I am an absolutely shameless glutton and a very snooty connoisseur  of Sponge cake ... Sponge Cake/Golden Sponge Cake/Plain Sponge Cake, etc -  is deceptively simple looking to cook and extremely easy to screw up. 

My wife Rhea makes some of the worlds finest sponge cake keeping alive a tradition started by her Mum ... Her mum Manisha is the first person I have met (and the only one to date) who bakes without precisely measuring her ingredients and yet manages a perfect outcome every time! Rhea has resolutely and effortlessly followed in her footsteps and her Golden Sponge Cake is a thing of beauty and of immense joy to me and all those who have eaten it. The perfect Sponge is neither too light nor too dense and is just a shade undercooked (moist) on the inside and a shade overcooked (golden and chewy crusted) on the top. Don't ask me how she does it 'coz I have no clue. Perhaps it has to do with the loads of TLC she mixes in.

You'll find her recipe here and a variation on the same here.

In this version she added some Vanilla and Cinnamon flavoured sugars that fellow blogger Vinda Dravid had given us at one of the Bloggers Meets. The hints of a lil' extra vanilla and the faint whispers of cinnamon sure enhanced an already perfect creation.


Thursday, October 6, 2011

The Mumbai Food Bloggers Dinner at the West View Bar & Grill, ITC Grand Maratha

The title of this blog is kind of self descriptive but doesn't even skim upon the absolutely fun time we guys had there.

Rushina magically conjured up a dinner for The Mumbai Food Bloggers at the West View Bar and Grill at the ITC Grand Maratha, Mumbai on the nite of the 1st of October 2011. It was a very erudite and eclectic gathering of Vegans, Vegetarians, pro Food Writers, a Tea afficionado, Food Bloggers and a lone Caterer (namely me). We met up in the small lobby cum Wine display area of the Grill and were immediately set at ease by our host Rini Sinha (of the ITC) and her team ... the bloggers descended on the meat, veggie and salad display like paparazzi at the Royal wedding!! Oh what joy!

Rini and Rushina soon rounded us up and we introduced one another over some lovely Prosecco and some nice Gouda, Edam and what I thought was pretty weird and according to Shanky - a Provolone ... not my strong suite these Italian cheeses.

We moved on to our tables (where we were served some superb light and airy but heavenly herbed Focaccia .... in its very baking pan) and pontificated on the concept of the Grill Restaurant. The Grill is essentially a New York favourite that has permeated the entire restaurant world. A classic example would be Les Halles - Anthony Bourdain's last place of employment. A Grill is essentially a place that has a wide choice of meats (and in India veggies) which are grilled to the clients specs and then plated straight off to the table. It's essentially a meat lovers paradise.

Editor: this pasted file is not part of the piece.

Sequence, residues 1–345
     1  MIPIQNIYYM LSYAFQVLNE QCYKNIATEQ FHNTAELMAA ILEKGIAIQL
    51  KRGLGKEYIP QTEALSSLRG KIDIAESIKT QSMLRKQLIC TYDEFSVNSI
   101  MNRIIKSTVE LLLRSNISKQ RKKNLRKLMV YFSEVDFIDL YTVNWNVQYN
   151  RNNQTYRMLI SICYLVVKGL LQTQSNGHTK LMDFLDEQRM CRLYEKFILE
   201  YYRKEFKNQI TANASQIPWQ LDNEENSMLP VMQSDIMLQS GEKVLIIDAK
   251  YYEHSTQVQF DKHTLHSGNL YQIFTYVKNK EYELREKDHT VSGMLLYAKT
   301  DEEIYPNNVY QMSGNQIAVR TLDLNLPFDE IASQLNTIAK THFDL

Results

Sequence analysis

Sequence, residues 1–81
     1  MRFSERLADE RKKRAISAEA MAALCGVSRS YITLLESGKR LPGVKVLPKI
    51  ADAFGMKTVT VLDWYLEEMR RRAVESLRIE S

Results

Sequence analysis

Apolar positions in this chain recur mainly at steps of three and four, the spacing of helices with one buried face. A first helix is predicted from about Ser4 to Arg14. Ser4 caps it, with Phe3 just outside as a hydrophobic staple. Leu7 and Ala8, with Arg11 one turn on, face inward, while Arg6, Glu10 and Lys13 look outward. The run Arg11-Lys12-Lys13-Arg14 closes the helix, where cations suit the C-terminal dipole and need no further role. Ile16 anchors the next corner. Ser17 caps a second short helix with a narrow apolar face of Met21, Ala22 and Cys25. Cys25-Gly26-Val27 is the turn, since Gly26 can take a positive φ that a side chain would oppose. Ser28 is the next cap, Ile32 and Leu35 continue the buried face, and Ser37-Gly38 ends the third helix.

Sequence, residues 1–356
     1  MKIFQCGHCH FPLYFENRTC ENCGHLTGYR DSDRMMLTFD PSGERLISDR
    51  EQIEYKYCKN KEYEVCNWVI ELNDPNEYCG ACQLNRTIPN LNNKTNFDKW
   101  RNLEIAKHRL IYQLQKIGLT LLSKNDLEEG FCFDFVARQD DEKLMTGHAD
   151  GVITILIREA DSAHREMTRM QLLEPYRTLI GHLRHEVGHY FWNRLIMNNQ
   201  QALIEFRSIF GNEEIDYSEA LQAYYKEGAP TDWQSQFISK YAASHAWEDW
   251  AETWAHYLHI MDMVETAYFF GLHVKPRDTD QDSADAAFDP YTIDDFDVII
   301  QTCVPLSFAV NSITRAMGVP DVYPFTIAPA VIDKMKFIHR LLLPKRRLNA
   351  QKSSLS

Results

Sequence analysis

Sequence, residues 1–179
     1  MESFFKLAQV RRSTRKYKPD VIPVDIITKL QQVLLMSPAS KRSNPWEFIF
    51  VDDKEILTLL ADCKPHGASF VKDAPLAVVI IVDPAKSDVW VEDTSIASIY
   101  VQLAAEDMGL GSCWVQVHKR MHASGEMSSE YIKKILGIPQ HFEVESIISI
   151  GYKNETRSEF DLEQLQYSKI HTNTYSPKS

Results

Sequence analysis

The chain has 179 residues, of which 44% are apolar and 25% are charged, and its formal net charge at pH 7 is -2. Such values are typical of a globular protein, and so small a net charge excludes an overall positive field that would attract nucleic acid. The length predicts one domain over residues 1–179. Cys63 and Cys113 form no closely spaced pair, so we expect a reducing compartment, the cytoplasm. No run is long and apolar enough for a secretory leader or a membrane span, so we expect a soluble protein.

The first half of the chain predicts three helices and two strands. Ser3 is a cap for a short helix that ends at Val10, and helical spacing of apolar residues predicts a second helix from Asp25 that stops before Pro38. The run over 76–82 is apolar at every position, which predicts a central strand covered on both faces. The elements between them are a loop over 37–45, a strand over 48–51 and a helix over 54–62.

After a bit of 'chit chat' and all around introductions we set forth to pile our plates with the choicest of meats and some of us with some veggies ... me I'm a Meateatarian and very allergic to most forms of veggies ... esp at a Grill!! Just kidding folks.

There was an amazing selection of fish, fowl and red meat along with some very nice looking German sausages. The non-veg spread included: Himalayan Trout (Maseer), Andaman Tuna, Indian Salmon (Rawas),  Snapper (Ghol), Butterflied Tiger Prawns, Chicken Legs, Beef Tenderloin, Mutton steaks, Mutton chops, Bacon and three kinds of German sausage - including Weiss Wurst. I was already in heaven!

I took my plate over to the chef and asked her to do my tenderloin medium-rare and to do with the rest of my plate of fish, prawn, chop and wurst as she deemed fit. We then turned our attention to the rather well stocked Salad Bar. I've been to the ITC's restaurants on numerous occaisons and as always there was a superb spread. Unlike many other 5Star's the ITC really does a super salad spread and their cold cuts are some of the best in India. As usual they did not disappoint. Amongst the usual suspects was a new addition - a Mulberry balsamic - and it was superb, I kicked myself for not having thought of this and filed it away for future reference.

We returned to our tables with our salads and Shanky and I got a nice glass of Sula Red to go with our greens. The cold sliced Ham was the show-stealer amongst the Salad section.

The plates soon arrived at our tables whilst Rushina marshalled the troops and warned us of a competition post Dinner. The spontaneous arrival of 20 plates had created a bit a a snarl and a small bit off confusion and the first couple of plates were kinda lost ... order was soon restored by Rini and her staff who apologised for the mis-plating(?).

We clicked and zoomed and clicked away in a frenzy before knuckling down to the eating.

The meats were superb and my tenderloin was near perfect! I was one happy puppy. The chop, wurst, prawn and the trout were also cooked to perfection. The tuna though was overcooked and very dry. The meats and fish though were very lightly spiced and whilst this appealed to me it did'nt appear to go down too well with everyone. Many of my fellow bloggers felt the fish was overcooked. My only real complaint on the other hand was with the jacket potato which had obviously beein boiled/par-boiled in advance. But considering that they had to plate for 20 of us in less than 20 minutes and that too with plates piled high this was understandable though a tad bit cheeky. Jyotika then tried her hand at some chops, prawns and veggies with her 'Papa's' spl masala mix and added a very nice twist to the taste.